The participating students give more importance to social problems than environmental ones, but with a high assessment of all of them. This aspect is positive to include socio-environmental problems in the initial training of future Primary and Secondary teachers, so that they are competent in a critical curricular development that incorporates environmental issues in a holistic way, aligned with the SDGs and with the new Spanish curricular framework.

Author Contributions

Conceptualization, methodology, investigation, resources, writing—original draft preparation, writing—review and editing, R.G.-M. and R.M.-M. All authors have read and agreed to the published version of the manuscript.


This research was funded by Junta de Andalucía with the support of FEDER Funds, grant number PYC20 RE 013 UCO.

Institutional Review Board Statement

Not applicable.

Informed Consent Statement

Not applicable.

Data Availability Statement

Data are contained within the article.

Conflicts of Interest

The authors declare no conflict of interest.


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Table 1. Descriptive education variables.
Table 1. Descriptive education variables.
Type of degree studied
Bachelor’s degree in Primary Education8349.4
Master’s degree in Secondary Education Teaching (Social Sciences, Geography and History)8550.6
Previous degree studied by students on the master’s course
Geography and History2124.71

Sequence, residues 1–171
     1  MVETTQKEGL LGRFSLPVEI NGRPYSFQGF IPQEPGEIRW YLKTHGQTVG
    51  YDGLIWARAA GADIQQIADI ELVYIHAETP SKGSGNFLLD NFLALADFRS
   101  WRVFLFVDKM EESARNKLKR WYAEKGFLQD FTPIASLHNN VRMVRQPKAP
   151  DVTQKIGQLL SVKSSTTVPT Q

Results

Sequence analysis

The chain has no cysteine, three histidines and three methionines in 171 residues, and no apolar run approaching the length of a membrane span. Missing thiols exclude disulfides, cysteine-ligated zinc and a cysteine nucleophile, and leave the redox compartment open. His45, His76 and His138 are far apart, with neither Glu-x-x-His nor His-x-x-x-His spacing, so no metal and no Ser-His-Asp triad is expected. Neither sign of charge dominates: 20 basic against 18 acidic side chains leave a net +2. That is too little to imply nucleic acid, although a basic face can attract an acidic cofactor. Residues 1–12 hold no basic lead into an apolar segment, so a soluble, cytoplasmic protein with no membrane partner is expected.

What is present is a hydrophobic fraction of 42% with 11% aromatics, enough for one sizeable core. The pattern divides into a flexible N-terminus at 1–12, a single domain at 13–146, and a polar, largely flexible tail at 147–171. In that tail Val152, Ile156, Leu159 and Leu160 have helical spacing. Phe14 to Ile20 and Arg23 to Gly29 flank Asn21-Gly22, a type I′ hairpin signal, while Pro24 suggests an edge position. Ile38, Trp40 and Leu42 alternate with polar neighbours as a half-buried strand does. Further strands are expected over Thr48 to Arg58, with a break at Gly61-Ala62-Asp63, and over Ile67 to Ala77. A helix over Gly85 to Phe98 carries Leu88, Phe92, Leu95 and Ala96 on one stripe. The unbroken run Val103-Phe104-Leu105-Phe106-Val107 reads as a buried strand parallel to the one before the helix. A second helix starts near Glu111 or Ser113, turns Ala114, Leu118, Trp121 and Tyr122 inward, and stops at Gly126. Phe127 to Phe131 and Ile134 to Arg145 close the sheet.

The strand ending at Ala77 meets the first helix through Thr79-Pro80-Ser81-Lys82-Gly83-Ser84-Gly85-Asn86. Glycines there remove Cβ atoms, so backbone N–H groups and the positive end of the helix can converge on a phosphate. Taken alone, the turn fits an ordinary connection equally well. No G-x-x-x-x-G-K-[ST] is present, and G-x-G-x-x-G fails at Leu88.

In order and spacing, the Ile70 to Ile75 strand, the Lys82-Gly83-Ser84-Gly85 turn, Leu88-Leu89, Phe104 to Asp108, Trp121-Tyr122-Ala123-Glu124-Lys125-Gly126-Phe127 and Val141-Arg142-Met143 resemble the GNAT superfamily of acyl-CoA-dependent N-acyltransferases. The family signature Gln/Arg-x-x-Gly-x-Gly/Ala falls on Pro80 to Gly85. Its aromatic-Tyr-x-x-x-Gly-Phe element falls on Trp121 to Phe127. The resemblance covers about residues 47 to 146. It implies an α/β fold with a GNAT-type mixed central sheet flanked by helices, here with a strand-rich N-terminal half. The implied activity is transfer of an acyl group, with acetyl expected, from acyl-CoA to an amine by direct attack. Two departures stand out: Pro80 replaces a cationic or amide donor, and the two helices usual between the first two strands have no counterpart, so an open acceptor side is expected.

Geography, Geography and Spatial Planning, Geography and the Environment22.35
History of Art1416.47
Table 2. Relevance of environmental problems.
Table 2. Relevance of environmental problems.
Environmental ProblemsMin–MaxMean (SD)
Climate change3–109.36 (0.99)
Noise pollution2–107.87 (1.65)
Water pollution5–109.23 (1.11)
Air pollution5–109.37 (0.98)
Deforestation6–109.20 (1.01)
Greenhouse effect4–109.12 (1.15)
Water shortages/drought3–109.27 (1.21)
Overexploitation of resources5–109.27 (1.08)
Use of fossil fuels2–108.70 (1.34)
Table 3. Importance of social problems.
Table 3. Importance of social problems.
Social ProblemsMin–MaxMean (SD)
Access to universal health care5–109.44 (1.10)
Bullying2–109.45 (1.04)
Alcoholism1–108.51 (1.62)
Consumerism1–108.37 (1.70)
Social inequality2–109.43 (1.07)
Drug addiction2–108.66 (1.48)
Youth emigration2–108.62 (1.53)
Lack of values2–109.18 (1.23)
Illegal immigration1–108.09 (2.01)
Gender violence5–109.72 (0.66)
Marginality2–109.01 (1.25)
Unemployment4–109.09 (1.09)
Poverty7–109.55 (0.77)
Racism2–109.52 (0.99)
Overweight2–108.14 (1.63)
Unclean streets2–108.18 (1.62)
Overpopulation (unchecked population growth)1–107.96 (1.74)
Eating disorders2–108.73 (1.47)
Table 4. Descriptive and comparative statistics of the importance given by men and women to environmental and social problems.